A "share-a-ride" scheme among commuters was also implemented. It became acceptable to riders going in the same direction because they spent less by just sharing part in the total fare. Commuters were not afraid to ride with total strangers in this system because of the prevailing peace and order condition brought about by the Marcos declaration a year earlier of martial law nationwide.

As the OPEC oil embargo also caused the prices of the LPG for cooking to double, many families, including those in the Greater Manila Area, were forced to return to the use of firewood and sawdust in cooking their meals.

During the 1973 Christmas season, the display of colorful lanterns using electricity was also minimized greatly.

A daylight-saving time scheme was implemented in government offices and even factories and other private establishments to save energy. Under this strategy, the clock was set one hour or more ahead of the standard time to allow more daylight for the working day.

In his book "The Democratic Revolution in the Philippines" published by the Marcos Foundation Inc. in 1977, FM wrote in Chapter 10 sub-titled "Theory and Practice in the New Society":

"From late 1973 to the early months of 1974, the energy crisis and the worldwide inflation posed a grave challenge to Philippine government resources and ingenuity. Owing to the sudden rise of the price of crude oil, our national oil cost leaped from USD200 million to USD700 million.

"This additional cost of USD500 million, plus another USD500 million representing the additional cost of all our imported requirements for development, increased the overall cost of importation of all our requirements from USD1,300 million to USD2,300 million."

"To meet this problem, I considered it imperative that we maintain the existing level of our foreign exchange reserves -- USD1 billion -- so as to maintain monetary stability. For this purpose, we geared our new planning to the necessity for additional export earnings."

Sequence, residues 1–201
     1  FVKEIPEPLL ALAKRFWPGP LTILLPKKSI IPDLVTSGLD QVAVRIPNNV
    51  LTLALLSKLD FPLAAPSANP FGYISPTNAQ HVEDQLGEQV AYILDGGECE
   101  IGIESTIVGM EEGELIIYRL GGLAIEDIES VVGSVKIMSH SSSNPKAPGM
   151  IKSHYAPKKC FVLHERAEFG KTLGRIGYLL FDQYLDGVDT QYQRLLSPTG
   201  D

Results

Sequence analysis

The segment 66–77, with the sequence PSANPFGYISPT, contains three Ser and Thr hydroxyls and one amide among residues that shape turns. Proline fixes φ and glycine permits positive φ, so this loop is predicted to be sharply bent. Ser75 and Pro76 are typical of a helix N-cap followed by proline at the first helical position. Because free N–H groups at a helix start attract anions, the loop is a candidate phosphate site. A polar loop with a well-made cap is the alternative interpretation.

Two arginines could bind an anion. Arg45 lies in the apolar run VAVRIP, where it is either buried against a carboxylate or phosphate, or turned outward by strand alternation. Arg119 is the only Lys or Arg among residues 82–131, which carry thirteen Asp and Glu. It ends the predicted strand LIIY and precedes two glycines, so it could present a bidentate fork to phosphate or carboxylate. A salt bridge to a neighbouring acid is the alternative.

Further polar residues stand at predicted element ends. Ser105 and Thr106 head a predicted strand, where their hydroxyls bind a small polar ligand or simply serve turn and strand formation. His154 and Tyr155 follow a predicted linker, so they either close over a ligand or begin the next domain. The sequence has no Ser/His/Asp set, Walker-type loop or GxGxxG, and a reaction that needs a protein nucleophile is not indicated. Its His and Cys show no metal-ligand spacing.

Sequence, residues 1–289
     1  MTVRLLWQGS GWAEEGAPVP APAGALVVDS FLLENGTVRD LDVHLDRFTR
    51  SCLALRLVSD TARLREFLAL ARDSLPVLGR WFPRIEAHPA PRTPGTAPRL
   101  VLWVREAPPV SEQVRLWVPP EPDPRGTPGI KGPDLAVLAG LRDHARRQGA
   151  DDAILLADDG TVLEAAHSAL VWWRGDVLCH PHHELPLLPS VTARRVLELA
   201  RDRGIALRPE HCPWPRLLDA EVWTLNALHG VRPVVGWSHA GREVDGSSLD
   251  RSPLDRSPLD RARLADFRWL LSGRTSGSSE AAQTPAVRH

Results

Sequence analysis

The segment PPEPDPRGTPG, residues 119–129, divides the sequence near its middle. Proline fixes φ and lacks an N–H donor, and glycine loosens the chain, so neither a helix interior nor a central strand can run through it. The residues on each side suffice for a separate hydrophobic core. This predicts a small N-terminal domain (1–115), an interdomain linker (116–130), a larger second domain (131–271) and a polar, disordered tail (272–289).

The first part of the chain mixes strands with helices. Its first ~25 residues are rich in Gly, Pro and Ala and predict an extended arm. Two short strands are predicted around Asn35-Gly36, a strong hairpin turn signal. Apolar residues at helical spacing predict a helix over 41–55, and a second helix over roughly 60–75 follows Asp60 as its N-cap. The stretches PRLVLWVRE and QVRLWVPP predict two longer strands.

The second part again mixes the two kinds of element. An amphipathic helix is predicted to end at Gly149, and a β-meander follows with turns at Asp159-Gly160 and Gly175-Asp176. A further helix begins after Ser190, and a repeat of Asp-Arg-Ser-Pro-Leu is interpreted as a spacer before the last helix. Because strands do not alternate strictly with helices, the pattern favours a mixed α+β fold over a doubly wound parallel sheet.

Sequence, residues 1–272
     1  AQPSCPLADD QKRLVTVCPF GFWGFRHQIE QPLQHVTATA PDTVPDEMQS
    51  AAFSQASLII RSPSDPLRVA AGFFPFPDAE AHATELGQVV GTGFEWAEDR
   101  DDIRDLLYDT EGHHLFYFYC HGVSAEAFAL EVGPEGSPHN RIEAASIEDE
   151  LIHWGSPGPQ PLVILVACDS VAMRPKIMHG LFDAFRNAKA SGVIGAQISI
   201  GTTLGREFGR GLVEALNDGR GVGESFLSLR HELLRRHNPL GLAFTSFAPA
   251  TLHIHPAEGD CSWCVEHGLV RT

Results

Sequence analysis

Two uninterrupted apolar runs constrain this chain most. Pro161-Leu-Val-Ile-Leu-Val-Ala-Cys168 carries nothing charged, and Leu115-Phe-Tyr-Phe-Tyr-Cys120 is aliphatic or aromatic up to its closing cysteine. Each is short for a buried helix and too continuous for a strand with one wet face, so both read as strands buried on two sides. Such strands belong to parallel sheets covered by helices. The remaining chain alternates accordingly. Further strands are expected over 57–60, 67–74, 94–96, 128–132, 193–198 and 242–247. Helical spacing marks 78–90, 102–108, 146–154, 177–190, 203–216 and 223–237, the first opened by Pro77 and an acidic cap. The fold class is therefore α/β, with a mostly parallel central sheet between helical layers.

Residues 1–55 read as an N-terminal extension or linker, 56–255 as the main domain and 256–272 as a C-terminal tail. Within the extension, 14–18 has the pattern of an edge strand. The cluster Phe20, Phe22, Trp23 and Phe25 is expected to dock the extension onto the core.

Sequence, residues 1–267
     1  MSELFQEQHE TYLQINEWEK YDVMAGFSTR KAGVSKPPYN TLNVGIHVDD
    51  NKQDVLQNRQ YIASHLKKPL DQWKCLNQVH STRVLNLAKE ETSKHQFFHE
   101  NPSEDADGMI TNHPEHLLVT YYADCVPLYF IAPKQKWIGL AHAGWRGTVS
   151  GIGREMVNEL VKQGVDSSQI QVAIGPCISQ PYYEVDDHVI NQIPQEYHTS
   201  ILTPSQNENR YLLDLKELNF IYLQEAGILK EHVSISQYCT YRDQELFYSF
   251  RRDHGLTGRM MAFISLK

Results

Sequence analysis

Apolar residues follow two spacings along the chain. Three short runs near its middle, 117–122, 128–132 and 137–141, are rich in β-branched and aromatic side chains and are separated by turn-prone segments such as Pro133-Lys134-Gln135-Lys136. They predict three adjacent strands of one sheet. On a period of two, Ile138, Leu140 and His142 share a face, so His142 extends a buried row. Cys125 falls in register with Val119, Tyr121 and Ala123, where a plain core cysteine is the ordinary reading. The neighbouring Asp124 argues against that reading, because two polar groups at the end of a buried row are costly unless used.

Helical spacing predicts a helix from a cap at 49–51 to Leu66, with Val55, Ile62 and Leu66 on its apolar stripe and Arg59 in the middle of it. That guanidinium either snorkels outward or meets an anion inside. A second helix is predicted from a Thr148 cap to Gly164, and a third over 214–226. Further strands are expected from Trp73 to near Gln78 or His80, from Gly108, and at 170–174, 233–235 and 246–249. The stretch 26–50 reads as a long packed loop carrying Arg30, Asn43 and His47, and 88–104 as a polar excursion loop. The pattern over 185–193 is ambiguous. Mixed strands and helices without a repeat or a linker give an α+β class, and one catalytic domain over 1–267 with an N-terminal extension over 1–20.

In his State-of-the-Nation Address (SONA) on July 24, 1979, Marcos also touched on the energy situation worldwide, saying:

"We have to realize that the decade of the 1980s and perhaps well into the turn of the century do not offer us any relief from the energy crisis, unless we carefully plan to live with what is turning out to be realities of our times.

"For today, many of us must learn to live without some of the conveniences or luxuries that are now part of the lifestyles of those in the upper class. It is to this level of society that we direct our appeal to the developed nations to trim their energy appetites."


About the Columnist

Image of Severino C. Samonte

He began his journalistic career by contributing to the Liwayway and Bulaklak magazines in the 1960’s. He was the night editor of the Philippine News Service when Martial Law was declared in September 1972. When the Philippine News Agency was organized in March 1973, he was named national news editor because of his news wire service experience.

He retired as executive news editor in 2003. He also served as executive editor of the Malacanang-based Presidential News Desk from 1993 to 1996 and from 2005 to 2008.